In my food-obsessed little head, Grenadian oildown is absolutely legendary. The dish is made from breadfruit, meat, and vegetables, simmered in coconut milk until the liquid evaporates and nothing remains besides a coating of coconut oil on the meat and vegetables. Sounds insanely delicious, right? Maybe even delicious enough to fill me with joy and make me cry like a little girl.
A year or two ago, a Grenadian friend told me about a bakery called Pop’s that serves oildown on the weekends. Supposedly, the place was located at the corner of Montgomery and Utica in Brooklyn. Trouble is, I googled every possible permutation of “Pop’s” and “Grenadian food,” and came up completely empty. A street-level look at Google maps reveals no Grenadian restaurants anywhere near the corner of Montgomery and Utica. Pop’s was a ghost.
So a few months ago, I decided to just show up on the corner of Montgomery and Utica. Yup, there was indeed a Grenadian bakery there, called Pop Master Delight. Google barely knows that it ever existed, but it was there a few months ago, offering oildown on the weekends. I vowed to return on a weekend, so that I could finally taste the
holy grail oildown.
And last weekend, I returned, but Pop’s was closed. The neighbors said they hadn’t seen any signs of Grenadian food in a few weeks. RIP, Pop Master Delight. I really wanted some oildown, but failed. It made me want to cry like a little girl.
To ease my pain, I decided that I should eat large quantities of fried food and coconut oil from another island nation. Luckily, there was a Bahamian festival going on at The Frying Pan, a bar on a boat docked near Chelsea Piers. And they had fried fish. And something called Goombay Punch. And they also had the national dish of The Bahamas, cracked conch (pronounced “cracked conk”), which sounds like an new variation on an illicit drug, or maybe an unpleasant injury. (Ow! I cracked my conk!) I have no idea why “conch” is pronounced “conk,” but at least cracked conch tastes better than it sounds.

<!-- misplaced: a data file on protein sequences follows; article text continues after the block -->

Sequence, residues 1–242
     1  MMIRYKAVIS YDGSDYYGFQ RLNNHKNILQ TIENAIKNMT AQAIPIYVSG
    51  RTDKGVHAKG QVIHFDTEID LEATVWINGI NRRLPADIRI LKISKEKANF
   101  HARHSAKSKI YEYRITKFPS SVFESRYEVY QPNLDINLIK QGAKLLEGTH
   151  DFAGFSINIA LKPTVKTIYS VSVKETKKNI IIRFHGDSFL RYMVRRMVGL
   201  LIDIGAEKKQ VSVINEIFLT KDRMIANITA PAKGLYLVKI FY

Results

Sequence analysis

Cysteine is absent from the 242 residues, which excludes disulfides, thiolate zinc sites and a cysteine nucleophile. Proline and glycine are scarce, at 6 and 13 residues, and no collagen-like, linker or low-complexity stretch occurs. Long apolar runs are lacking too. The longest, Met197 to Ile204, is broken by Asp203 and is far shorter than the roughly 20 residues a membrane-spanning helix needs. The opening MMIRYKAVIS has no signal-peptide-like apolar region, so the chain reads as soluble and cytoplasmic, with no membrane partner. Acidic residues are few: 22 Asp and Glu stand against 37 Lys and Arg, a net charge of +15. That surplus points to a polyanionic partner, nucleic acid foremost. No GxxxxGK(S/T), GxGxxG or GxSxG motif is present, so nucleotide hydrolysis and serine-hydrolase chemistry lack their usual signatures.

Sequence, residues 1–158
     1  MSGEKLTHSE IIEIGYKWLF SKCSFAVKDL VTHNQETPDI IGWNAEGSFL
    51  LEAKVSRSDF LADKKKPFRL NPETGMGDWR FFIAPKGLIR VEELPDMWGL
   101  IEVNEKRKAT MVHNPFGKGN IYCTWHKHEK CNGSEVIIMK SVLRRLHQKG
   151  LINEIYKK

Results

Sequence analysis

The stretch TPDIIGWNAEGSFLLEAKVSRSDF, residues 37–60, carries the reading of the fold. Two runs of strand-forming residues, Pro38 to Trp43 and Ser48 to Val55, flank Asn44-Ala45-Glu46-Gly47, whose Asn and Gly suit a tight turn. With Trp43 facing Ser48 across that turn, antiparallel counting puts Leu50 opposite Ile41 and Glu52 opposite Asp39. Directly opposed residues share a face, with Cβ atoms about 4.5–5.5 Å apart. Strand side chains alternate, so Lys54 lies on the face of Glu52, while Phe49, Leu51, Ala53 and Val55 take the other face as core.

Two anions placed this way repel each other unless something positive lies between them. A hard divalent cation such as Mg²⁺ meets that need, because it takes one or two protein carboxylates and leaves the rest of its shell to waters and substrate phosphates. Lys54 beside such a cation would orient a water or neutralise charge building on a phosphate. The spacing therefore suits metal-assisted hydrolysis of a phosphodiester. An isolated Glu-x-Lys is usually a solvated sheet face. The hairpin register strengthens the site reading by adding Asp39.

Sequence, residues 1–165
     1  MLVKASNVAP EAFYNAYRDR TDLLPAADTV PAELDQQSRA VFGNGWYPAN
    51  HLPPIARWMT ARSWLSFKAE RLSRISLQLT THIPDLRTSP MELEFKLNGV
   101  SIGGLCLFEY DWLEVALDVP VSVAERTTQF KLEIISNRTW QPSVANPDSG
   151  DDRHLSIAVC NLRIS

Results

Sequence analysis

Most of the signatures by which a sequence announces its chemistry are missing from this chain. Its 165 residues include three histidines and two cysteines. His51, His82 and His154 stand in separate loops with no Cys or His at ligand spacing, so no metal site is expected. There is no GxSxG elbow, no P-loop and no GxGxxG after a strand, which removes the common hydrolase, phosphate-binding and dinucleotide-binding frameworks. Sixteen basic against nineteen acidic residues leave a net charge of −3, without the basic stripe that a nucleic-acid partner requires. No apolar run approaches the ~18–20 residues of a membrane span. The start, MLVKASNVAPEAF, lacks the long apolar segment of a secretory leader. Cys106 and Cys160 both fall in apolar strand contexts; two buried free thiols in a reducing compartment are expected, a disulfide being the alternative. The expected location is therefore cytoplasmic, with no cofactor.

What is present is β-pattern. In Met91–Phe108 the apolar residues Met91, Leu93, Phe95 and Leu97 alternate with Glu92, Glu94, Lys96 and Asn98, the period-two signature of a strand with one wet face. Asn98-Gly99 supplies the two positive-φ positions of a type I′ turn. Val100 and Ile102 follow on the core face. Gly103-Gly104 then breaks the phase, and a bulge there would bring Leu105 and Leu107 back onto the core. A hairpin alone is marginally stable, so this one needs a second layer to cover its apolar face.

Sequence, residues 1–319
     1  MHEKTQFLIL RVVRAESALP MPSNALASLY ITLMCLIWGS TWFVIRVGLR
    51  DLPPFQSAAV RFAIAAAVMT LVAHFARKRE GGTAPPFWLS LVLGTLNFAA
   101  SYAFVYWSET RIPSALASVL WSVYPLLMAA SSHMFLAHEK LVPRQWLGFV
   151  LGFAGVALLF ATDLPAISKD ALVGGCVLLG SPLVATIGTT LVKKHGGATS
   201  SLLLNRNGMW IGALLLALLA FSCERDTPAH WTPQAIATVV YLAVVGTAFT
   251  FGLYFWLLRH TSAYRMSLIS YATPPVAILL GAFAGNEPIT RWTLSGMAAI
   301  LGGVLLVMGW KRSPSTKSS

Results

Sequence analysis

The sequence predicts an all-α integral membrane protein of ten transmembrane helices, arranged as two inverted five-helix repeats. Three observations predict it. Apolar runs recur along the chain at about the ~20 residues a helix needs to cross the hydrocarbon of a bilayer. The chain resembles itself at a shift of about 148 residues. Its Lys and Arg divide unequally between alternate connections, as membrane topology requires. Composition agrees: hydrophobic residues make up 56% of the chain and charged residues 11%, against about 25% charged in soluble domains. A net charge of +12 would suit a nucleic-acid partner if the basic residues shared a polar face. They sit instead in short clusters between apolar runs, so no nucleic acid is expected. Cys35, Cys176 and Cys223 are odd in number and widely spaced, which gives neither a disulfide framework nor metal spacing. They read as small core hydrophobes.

For $15, the friendly Bahamians fed me a giant combo plate of Bahamian standards: cracked conch, fried grouper, rice and peas, more rice, and some corn. For an extra $2, I picked up a can of Goombay Punch, just because I liked the name.
Conch, in case you’ve never tried it, refers to a number of species of high-spired snails… whatever the hell “high-spired” means. Cracked conch is batter-dipped, deep-fried conch. I can see how it might be awesome if you’re into that sort of thing, but it just reminded me of a rubbery, deep-fried calamari steak. Not bad, but not really my thing. The fried grouper, on the other hand, was ridiculously good, thanks largely to the bits of hot pepper in the wonderfully salty batter.
The rice and peas—arguably the other national dish of The Bahamas—were also phenomenal. The dish consists of rice, pigeon peas (small, roundish black beans), and bits of pork, cooked in coconut milk until the liquid evaporates. Ridiculously tasty stuff… and perhaps not too dissimilar to the mythical Grenadian oildown that made me cry like a little girl earlier in the day.
The Goombay Punch? Not so amazing. I figured that a Caribbean punch would contain lots of fruit. Like, you know, tropical fruits. Nope: Goombay Punch is just water, sugar, yellow food coloring, and chemicals. Delicious!
But the name is awesome, and the dude on the can is pretty cute. And hey, I ate cracked conk and Goombay punch! And that’s awfully fun to say, even if it’s only somewhat inspiring to eat.
Bahamas Culture Day, held every September
Frying Pan at Pier 66
26th Street & 12th Avenue, Manhattan
Subway: 23rd Street (A, C, E trains) or Penn Station (1, 2, 3, A, C, E, PATH, LIRR, etc.)